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Loki - Logic in wiki

The main apparent limitation of existing semantic wikis is the lack of expressive knowledge representation mechanism. Building a knowledge base with a semantic wiki becomes complicated because of its collective nature, where number of users collaborate in the knowledge engineering process. A need for knowledge evaluation and analysis facilities become clear.

Loki Proposal

Logic-based Wiki, or Loki for short, uses the logic programming paradigm to represent knowledge in the wiki, including semantic annotations and rules. The main design principles are as follows:

  • provide an expressive underlying logical representation for semantic annotations and rules,
  • allow for strong reasoning support in the wiki,
  • preserve backward compatibility with existing wikis, namely SMW.

The design has been based on the use of the Prolog *) programming language.

*) Prolog is an expressive logic programming language. The Prolog system uses a knowledge base to answer queries. From a logical point of view, the knowledge base is composed of Horn clauses and a goal. In Prolog two basic forms of statements are possible: facts and rules. While the default inference strategy is backward-chaining it is trivial to built custom meta-interpreters implementing any inference strategy. Although Prolog has been traditionally related to Artificial Intelligence, it is a mature and universal programming language. Number of powerful implementations are currently available, e.g. SWI-Prolog - a mature implementation widely used in research and education as well as for commercial applications. SWI-Prolog provides a rich set of libraries, including the semweb library for dealing with standards from the W3C standard for the Semantic Web (RDF, RDFS and OWL).

SMW Support in Loki

There are three main methods of semantic annotations used in Semantic MediaWiki that are supported in Loki:

  • categories - a simple form of annotation that allows users to classify pages. To state that article (Wiki page) belongs to the Category book one has to write [[category:book]] within the article.
  • relations - there is a possibility to describe relationships between two Wiki pages by assigning annotations to existing links. For example there is a relation author between the “Call of Cthulhu” and H.P.Lovecraft. To express this one has edit the page the_call_of_cthulhu and add [[author::h_p_lovecraft]] within the page content.
  • attributes - allow to specify relationships of Wiki pages to things that are not Wiki pages. For example, one can state that a book has been published in year 2009 by writing [[date:=2009]] at the wiki page of this book.

Thanks to semantic annotations, users can search for articles using a simple query language that was developed based on the known syntax of the Wiki. For example to display all books written by a given author one can formulate the query:

{{#ask: [[category:book]] [[author::h_p_lovecraft]]}}
The query functionality can be used to embed dynamic content into pages, which is a major advantage over traditional wikis.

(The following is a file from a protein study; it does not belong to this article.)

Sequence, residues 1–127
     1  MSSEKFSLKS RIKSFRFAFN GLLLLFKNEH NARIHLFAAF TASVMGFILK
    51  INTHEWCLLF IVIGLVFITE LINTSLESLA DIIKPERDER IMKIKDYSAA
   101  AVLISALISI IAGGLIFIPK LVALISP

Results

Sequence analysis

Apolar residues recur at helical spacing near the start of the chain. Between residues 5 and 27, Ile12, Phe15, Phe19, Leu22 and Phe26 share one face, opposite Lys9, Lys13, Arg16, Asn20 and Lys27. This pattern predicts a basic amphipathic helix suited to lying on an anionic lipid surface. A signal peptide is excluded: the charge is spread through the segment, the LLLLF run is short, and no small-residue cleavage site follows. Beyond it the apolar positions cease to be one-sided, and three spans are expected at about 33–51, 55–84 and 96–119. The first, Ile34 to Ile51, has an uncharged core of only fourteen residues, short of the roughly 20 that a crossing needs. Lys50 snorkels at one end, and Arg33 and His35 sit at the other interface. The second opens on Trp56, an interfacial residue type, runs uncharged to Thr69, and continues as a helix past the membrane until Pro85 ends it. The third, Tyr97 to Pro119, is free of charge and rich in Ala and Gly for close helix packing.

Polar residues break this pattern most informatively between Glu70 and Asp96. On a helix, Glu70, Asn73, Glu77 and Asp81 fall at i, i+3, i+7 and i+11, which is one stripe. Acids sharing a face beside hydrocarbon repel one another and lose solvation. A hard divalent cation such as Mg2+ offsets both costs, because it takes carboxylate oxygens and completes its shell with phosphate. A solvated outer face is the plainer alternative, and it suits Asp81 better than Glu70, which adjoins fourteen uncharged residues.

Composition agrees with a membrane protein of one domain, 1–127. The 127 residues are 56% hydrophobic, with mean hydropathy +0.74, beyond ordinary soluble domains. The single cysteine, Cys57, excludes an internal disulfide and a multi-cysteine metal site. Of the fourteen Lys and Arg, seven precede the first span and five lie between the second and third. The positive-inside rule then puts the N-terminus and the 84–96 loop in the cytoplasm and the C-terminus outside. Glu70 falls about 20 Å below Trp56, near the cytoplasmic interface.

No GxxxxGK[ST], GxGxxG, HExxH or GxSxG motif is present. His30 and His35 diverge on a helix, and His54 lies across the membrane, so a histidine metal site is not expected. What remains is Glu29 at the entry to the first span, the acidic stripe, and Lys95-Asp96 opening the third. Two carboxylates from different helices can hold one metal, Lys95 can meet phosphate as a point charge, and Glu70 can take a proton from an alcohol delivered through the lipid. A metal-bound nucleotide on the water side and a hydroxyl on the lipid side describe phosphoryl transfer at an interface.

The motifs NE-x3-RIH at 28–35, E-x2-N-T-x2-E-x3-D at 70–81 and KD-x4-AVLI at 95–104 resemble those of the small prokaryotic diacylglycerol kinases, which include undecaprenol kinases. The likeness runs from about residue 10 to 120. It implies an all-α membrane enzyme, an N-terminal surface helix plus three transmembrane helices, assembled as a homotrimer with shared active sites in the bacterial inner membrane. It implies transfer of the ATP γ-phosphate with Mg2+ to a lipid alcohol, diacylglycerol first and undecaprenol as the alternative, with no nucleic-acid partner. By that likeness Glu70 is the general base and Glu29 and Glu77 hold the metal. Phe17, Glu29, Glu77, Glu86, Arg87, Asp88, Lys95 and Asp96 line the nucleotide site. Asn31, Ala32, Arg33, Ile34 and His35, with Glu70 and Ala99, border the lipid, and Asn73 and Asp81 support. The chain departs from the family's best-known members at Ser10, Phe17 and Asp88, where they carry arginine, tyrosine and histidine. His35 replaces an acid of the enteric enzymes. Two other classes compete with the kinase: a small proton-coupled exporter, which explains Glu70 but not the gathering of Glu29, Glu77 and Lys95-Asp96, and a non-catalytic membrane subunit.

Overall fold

Loki allows to describe categories, relations and attributes the same way as in SMW. They are represented by appropriate Prolog terms. Technically, SMW markup is converted to Prolog code and then saved in Loki file related to Wiki page. Examples are as follows, with the SMW syntax gives first, and the corresponding Prolog representation below.

[[category:book]]
    wiki_category('book','the_call_of_cthulhu').
 
**Author**: [[author::h_p_lovecraft]]
    wiki_relation('the_call_of_cthulhu','author','h_p_lovecraft').
 
**Date**:  [[date:=2009]]
    wiki_attribute('the_call_of_cthulhu','date','2009').

Semantic Web standards support

RDF/S, OWL and SPARQL support

RDF annotations can be embedded directly in the XML serialization. They are parsed by the SWI-Prolog semweb/rdf_db library, and turned to the internal representation. The library represents RDF triples simply as:

rdf(?Subject, ?Predicate, ?Object).

RDFS is also supported by the semweb/rdfs library.

Within the wikitext a SPARQL query (SELECT, ASK or DESCRIBE) may be posed. The query scope is the whole wiki system. SPARQL queries are handled by the semweb/sparql_client. Analogously to the SMW-like queries, SPARQL ones are also translated to Prolog goals and then executed by the wiki engine.

RDF/XML export

Semantic information gathered on the Loki pages may be exported to the RDF/XML format. Metadate from “regular” pages are written in RDF, whereas the metadata of the special pages (categories, properties, attributes) are written in OWL.

On each wiki page there is a button “Export to RDF” which run an action generating an RDF file assosiated with this page. The exported file consists of 4 parts: a header with used namespaces, metadata of the exported page, additional information, and finally: ontological information about categories, relations and attributes. The first and the second part is always there, the third and the fourth are optional and depends on the configuration.

Categories are exported as owl:Class, relations between two pages as owl:ObjectProperty and attributes as owl:DatatypeProperty elements. Information about subcategories and subproperties are exported with use of rdfs:subClassOf and rdfs:subProperty respectively.

Prolog Knowledge Representation and Reasoning